That’s Entertainment! The Modern World of Gaming
One of the biggest and most successful entertainment industries in the world today is gaming. Whether you game on your PC, console or mobile phone, chances are that you are at least a casual user. There are a reported 2.3 billion gamers at present, meaning that 30% of the world’s population are interacting with this industry. In other words, it’s huge and it keeps getting bigger by the day. Since smartphones and then tablets became available to buy, we’ve seen mobile games creep up to dominate 51% of the global market, meaning that they’ve taken on the established games consoles and won. In just a few short decades, the gaming industry has become one of the biggest forms of entertainment on the planet. So, how did it get there and where is it going next?
Since the 1980s, consoles have been the big contenders in the world of gaming. Although the first computer game, Pong, was invented and popularised in 1972, it wasn’t until the game’s manufacturer, Atari, started producing at-home games consoles in 1977 that things began to get off the ground. Since then, we’ve seen consoles transform from the basic games that came with Sega and Nintendo’s early offerings into the super-intelligent and realistic releases from Sony’s Playstation 4, Microsoft’s Xbox One X and the Nintendo Switch. There have been many stages of transformation along the way (does anybody remember the Dreamcast? or the Wii U?) but with each step forward the technology and gameplay is refined.
People have always been keen to access their favourite games titles on the move. This has been made possible down the years with legendary devices such as the Gameboy as well as the PSP and Playstation Vita, formulated as separate, standalone console models to own alongside your main console at home. However, the industry is changing in a major way. In 2017, Nintendo released the Switch; this is a console that can remain at home or become portable in one quick, easy step. It’s an obvious response to the needs of the user in a busy world, where it’s not always possible to carve out that gaming time in your own living room. Sometimes, it needs to be on the train, in the break room or whilst you’re waiting for the bus.
Online & PC
PC gaming harks back to classic titles such as Doom or Resident Evil 2, but since the internet became widely accessible in the late 90s it has progressed considerably. The ability to play online has opened up a whole world of opportunity, whether that’s shopping for your Sims, playing a real-time hand in the PokerStarsCasino or joining an MMO (massively multiplayer online game) such as World of Warcraft. Of course, all consoles and hand-held games are now also connected to the internet to facilitate updates, patches and coop mode, but online PC gaming still holds its own. Platforms such as Steam, Origin and GamersGate allow avid PC gamers to download the latest titles and experience just as high-tech gameplay as those with consoles.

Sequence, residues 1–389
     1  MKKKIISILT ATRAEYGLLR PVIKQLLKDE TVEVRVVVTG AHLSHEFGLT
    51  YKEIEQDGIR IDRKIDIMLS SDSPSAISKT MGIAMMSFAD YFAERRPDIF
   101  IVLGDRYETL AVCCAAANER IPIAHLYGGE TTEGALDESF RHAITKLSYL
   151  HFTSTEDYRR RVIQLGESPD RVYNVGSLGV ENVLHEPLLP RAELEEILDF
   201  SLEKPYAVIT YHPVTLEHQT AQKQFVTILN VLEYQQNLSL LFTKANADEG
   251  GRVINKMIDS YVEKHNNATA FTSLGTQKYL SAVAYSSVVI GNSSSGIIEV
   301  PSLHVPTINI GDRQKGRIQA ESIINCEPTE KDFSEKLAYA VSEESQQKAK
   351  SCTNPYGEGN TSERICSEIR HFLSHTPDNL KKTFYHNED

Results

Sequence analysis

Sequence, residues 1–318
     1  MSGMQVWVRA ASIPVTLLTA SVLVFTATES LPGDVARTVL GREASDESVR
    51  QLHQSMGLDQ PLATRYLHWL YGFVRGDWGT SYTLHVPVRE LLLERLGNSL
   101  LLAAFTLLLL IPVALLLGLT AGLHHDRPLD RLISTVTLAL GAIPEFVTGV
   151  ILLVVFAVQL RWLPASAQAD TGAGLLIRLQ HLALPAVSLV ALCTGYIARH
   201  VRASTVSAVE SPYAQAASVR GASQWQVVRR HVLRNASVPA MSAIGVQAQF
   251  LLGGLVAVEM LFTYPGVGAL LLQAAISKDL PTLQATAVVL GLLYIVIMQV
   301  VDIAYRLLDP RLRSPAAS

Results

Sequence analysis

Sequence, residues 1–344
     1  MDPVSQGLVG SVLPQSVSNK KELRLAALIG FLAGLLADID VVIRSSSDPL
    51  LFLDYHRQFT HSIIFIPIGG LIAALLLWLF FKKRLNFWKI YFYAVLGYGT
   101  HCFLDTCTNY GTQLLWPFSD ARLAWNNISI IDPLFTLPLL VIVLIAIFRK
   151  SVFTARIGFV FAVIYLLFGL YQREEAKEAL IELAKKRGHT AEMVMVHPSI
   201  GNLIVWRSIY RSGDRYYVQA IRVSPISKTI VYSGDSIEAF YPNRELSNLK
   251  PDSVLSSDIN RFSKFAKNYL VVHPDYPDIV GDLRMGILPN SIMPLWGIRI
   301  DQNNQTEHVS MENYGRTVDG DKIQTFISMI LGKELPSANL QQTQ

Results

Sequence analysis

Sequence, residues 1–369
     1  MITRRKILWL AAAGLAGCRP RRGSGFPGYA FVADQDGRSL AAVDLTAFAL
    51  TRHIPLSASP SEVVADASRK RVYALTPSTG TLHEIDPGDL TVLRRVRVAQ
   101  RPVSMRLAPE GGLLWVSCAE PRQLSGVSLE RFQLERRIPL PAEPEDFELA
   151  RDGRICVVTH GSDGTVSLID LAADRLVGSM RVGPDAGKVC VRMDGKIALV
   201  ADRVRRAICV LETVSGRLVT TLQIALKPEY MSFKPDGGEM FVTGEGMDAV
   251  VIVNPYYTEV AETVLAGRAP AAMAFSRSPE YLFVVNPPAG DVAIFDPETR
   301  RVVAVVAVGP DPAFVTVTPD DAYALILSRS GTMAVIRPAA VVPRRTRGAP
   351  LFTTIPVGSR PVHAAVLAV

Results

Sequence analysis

As mentioned previously, mobile games currently make up over half the global market. With overnight sensations such as Candy Crush Saga, Angry Birds and Pokémon Go attracting millions of users every month, it’s clear that this is not just a flash in the pan. Many people wouldn’t even think of leaving the house without their smartphone these days, so it makes sense that they’re looking to these multi-purpose handheld devices for their entertainment too. The scope for development is enormous; not only can developers create mobile versions of everyone’s favourite titles, but they can utilise the smartphone’s multifunctionality to improve gameplay. A handheld device equipped with camera, video, audio, mic, HD screen and already logged in to all the most popular social media accounts is a powerful tool for games developers.
Virtual reality is creeping further and further into the mainstream since the introduction of platforms such as Oculus Rift, Playstation VR and HTC Vive. The use of a headset, earphones and controllers working together gives players a truly immersive experience as they navigate the gaming arena in a whole new way. Although VR games have some catching up to do in terms of crisp and realistic graphics, they’re getting there and when they do it’ll be almost impossible to distinguish between the game and real life. Understandably this is a worrying prospect for some, although for others it is simply the next exciting step in gaming development.
Looking to the future…
We can see that gaming is coming out of the living room and into the real world with the introduction of portable hand-held consoles that don’t compromise on gameplay, and the introduction of both VR and AR (augmented reality) games. Who knows what the future holds for this rapidly advancing form of entertainment?